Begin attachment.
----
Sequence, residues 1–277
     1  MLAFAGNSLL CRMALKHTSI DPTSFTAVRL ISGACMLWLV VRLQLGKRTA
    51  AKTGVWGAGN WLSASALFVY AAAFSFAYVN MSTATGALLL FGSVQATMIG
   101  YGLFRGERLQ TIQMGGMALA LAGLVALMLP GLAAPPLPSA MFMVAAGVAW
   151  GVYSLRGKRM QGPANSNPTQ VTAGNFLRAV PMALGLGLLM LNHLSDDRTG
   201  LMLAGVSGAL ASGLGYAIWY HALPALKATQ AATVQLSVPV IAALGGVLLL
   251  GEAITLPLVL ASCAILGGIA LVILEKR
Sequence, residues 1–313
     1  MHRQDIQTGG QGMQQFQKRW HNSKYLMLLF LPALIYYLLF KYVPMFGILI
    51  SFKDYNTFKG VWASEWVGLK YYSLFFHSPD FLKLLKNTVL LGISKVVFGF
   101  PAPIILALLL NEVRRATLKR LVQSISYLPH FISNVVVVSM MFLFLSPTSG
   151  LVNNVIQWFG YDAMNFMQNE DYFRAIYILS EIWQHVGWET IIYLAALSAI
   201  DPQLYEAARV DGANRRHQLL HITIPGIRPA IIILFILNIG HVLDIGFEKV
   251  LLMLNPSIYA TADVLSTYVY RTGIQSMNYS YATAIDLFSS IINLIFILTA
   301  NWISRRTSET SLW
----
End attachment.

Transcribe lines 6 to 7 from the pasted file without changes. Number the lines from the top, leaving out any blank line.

   201  LMLAGVSGAL ASGLGYAIWY HALPALKATQ AATVQLSVPV IAALGGVLLL
   251  GEAITLPLVL ASCAILGGIA LVILEKR